There’s More to Invasives

There’s More to Invasives

A true lover loves all of the beloved. Even when they are changing and the things we thought we loved the most are going away. A thriving native ecosystem, a symphony hundreds of millennia in the making is an outstanding beauty. When we decide one fine morning to take a boat out onto one of the islands in the Boston Harbor, we become visitors to an ecosystem. This system, even on one of the smaller of islands is comprised of millions of individuals and thousands of species of a tremendous variety of the branches of life’s tree. These living species don’t act and interact in robotic ways, but rather they have spontaneously improvised sweet romances of symbiosis, games of mortal chase and escape (as with the raptor and the rabbit), the strange sadness of disease and parasitism, and the most fascinating if not morbid art of death, decomposition, and birth-anew. The character of all of these species and their interplay is inspired by the character the regions rock, soil, and mineral constitution. Furthermore, the song of the ecosystem is set to the meter of local and global climate patterns; especially so in this region where ice ages have come and gone, scouring the earth to desolation. This happened here 16,000 years ago, and the living soil and vegetation we see today is the result of long and arduous ecological succession. I say this all to demonstrate the inconceivable magnitude of these native ecosystems, and the validity of horror when some plant or bug from far away so effectively causes the living cogs of the ecosystem to jam. While it is true that no ecosystem ever stays unchanged for long, the introduction of invasive species is thoroughly testing the integrity of the Boston Harbor island ecosystems. 

This all being the case, I think it is even more important that before we become fearful or even hateful towards invasive species that have taken root in our favorite places, we must first take the time to connect with them and understand that they have not come here purposely or maliciously. All species have long histories which should be acknowledged, even the invasive ones. Indigenous scholar and ecologist Jessica Hernandez writes:

 

“Removing invasive species without good intent or connecting with them causes scars”

 

 

Invasive mile-a-minute vine discovered with signs of herbivory, evidence that a bio-control weevil has appeared on the island — exciting stuff!

I have the pleasure of being part of the team here that leads volunteers in invasive plant management once a week. On Grape Island this past Saturday I gave a talk with the aim of establishing a bond of acknowledgement and respect towards the invasive mile-a-minute vine that we were there to address. The vine’s Latin name is Persicaria perfoliata. Its Chinese name is Kang Ban Gui, meaning ‘The person who carries the board back’. It is called this because it has been used for thousands of years in traditional Chinese medicine to treat snake bites. A person bitten by a snake would be carried to the doctor on a wooden board. Upon treatment with Kang Ban Gui the person would be well enough to walk back, carrying the board by themself. Beyond this, modern clinical evidence suggests that it has impressive effectiveness for all sorts of ailments. Another plant that is severely invasive on many of the islands is Roundleaf Bittersweet. I similarly found that this plant has long been used in traditional Chinese medicine, and that clinical evidence supports many medical uses. Garlic mustard, widely invasive in the US has its own uses (it’s quite tasty!). A little research shows us that many of the plants that we may have come to hate, have histories of value in human society, as well as ancient evolutionary roots in their own native ranges. Even though invasive plants can bring great damage to ecosystems, they are beautiful in their own ways. Jessica Hernandez writes:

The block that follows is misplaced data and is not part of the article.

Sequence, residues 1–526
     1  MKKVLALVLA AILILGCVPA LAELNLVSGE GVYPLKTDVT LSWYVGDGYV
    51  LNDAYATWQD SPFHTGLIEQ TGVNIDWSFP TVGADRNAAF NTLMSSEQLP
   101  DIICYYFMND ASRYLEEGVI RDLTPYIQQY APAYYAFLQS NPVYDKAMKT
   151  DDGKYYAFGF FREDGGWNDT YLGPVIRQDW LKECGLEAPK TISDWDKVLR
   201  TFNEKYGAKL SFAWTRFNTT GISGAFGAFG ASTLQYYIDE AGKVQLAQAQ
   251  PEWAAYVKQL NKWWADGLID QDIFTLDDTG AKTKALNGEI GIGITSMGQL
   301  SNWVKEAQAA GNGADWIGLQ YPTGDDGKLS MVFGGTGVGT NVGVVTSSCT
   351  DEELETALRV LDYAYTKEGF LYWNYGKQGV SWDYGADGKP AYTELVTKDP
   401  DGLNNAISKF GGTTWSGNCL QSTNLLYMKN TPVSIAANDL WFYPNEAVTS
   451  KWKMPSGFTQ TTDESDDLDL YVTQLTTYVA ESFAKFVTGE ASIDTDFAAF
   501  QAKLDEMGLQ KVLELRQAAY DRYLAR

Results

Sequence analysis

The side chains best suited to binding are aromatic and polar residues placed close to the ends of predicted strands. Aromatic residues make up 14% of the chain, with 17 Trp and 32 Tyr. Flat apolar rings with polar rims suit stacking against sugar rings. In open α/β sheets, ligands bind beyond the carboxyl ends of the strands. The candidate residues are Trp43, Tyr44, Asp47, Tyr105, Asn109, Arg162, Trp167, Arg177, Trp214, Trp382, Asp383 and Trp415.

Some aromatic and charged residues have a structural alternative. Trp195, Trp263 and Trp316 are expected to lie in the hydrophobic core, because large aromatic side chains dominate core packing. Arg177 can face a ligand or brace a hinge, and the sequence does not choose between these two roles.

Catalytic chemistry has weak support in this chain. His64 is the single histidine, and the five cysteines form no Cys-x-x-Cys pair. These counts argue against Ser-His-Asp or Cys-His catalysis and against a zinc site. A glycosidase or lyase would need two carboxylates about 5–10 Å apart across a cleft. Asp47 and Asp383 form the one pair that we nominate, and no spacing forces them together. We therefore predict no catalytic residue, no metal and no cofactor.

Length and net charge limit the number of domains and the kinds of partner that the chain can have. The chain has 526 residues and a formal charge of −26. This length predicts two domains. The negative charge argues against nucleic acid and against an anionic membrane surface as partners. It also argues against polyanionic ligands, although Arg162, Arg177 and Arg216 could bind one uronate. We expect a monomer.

“Yes, invasive species harm an entire ecosystem, sometimes outcompeting all native plants in this same landscape; however, we are taught as Indigenous peoples that regardless of whether this plant belongs there or not, we must ask its spirit for permission.  We acknowledge them as displaced relatives rather than invasive species, since at the end of the day, they are also someone’s plant relatives

Majestic trees  at nearby Minute Man National Park

Once we have acknowledged our invasive species and seen who they are, we can more healthily address the damage that they do and implement mitigation strategies like pulling, cutting, and spraying. If we don’t take the time to make a connection with an invasive species, we are more likely to be filled with anger, fear, and stress because they are a faceless enemy to us. The reality is that the invasive has beauty if you have the eye to see it. Even its invasion is filled with a kind of tragic beauty. 

I love the boat rides to and from the islands

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